The increasingly ridiculous figure of Dennis Rice, still pretending anonymity under the alias of Tabloid Troll, secured another glorious failure yesterday as he jumped into a Twitter exchange between Proper Journalist (tm) David Aaronovitch and former Mail hack Kirsty Walker. As usual, the Rice modus operandi was to throw his weight about, order an apology to be made, and thus demonstrate his superiority.
And, as usual, the intervention was as useless as it was comical: Aaronovitch, being someone well used to Proper Investigative Journalism (tm), duly became correctly informed as to his accuser’s identity and told him so. Rice then reverted to type and hurled the usual range of abuse back – calling Aaronovitch a “goat” and a “misogynist” – to no avail whatever.
But Dennis Rice still has not taken on board that he is nothing more than an embittered figure of ridicule: today his occasionally active blog has been fired up for what may have been intended to be a musing on the perceived difficulties of being a journalist today, but the post rapidly descends into a whining tirade at someone who, despite Rice’s campaign against him, is making a success of himself.
The target is, not for the first time, Rich Peppiatt, whose one-man show One Rogue Reporter has now played to packed houses in London, and is adding tour dates as I write. Here, Rice uses the lame idea of fishing for information by making a derogatory statement hoping that it will be corrected, thus revealing more about his chosen target. I will give a previous example of this technique.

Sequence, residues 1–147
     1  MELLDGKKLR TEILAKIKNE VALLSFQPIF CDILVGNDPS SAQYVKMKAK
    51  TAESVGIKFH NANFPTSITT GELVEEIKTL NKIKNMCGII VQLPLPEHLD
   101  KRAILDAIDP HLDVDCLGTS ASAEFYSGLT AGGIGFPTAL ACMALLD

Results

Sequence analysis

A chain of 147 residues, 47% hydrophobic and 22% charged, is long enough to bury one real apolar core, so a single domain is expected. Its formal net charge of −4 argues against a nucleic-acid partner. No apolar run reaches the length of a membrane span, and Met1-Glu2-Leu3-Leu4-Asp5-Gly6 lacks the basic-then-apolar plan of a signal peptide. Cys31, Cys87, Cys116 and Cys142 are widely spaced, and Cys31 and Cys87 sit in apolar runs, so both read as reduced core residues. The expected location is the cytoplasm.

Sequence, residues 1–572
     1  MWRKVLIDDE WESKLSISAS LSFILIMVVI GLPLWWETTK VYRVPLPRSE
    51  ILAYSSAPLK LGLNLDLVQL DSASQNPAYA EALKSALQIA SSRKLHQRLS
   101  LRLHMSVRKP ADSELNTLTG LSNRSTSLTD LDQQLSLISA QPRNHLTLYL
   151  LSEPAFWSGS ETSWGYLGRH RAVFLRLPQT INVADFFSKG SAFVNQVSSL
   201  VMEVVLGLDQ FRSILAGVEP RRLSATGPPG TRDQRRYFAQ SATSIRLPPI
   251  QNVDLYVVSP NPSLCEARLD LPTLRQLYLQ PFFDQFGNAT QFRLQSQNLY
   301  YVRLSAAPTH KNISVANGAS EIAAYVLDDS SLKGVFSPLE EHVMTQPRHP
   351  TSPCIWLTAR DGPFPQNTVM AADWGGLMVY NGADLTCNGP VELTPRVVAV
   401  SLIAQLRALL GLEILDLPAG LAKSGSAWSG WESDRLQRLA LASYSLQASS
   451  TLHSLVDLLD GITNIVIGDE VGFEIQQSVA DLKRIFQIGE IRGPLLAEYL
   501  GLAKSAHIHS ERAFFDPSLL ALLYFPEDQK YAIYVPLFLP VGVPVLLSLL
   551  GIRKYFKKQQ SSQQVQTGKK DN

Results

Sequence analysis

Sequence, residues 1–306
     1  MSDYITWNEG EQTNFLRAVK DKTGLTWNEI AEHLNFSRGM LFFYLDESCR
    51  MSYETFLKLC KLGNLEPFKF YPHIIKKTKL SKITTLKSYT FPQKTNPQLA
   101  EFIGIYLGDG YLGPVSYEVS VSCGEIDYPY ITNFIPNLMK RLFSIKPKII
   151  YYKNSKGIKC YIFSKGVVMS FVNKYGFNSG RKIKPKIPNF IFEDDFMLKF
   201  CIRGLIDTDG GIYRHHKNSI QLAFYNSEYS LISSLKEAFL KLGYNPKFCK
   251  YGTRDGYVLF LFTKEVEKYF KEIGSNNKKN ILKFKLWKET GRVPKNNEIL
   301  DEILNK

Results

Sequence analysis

Rice has asserted that I live in “a shithole”, and a “squalid flat”. Thus he hopes that I will reply “Actually that’s wrong Dennis, as you can see from the photograph my house is a three bedroom detached on a corner plot in Acacia Avenue”. Sadly for him, though, his assumption that I am yet more stupid than him is another false one, and so his information gathering exercise has gone nowhere.
And so it is with Peppiatt: “He was supposed to be the lightning rod for young journalists to flood forward with similar tales of tabloid abuse - oddly then haven't” is Rice’s Ron Hopeful punt here, and it will be equally unsuccessful. What Rich has gleaned of late ain’t going to be given out to an amateur like Rice. But I’ll just point out that the earlier setting-up of Kelvin McFilth didn’t just materialise.
Moreover, projection and dishonesty such as “Peppiatt's supporters from the blogging community continue to beat the mantra that it would be better to be rid of all ‘unscrupulous’ hacks” will also get Rice nowhere. If there were no bad journalism, not only would it be a less interesting world, but there would also be less to blog about. Rice’s contention is ridiculous – rather like its author.
Still, it keeps him occupied and off the streets. Mustn’t grumble.
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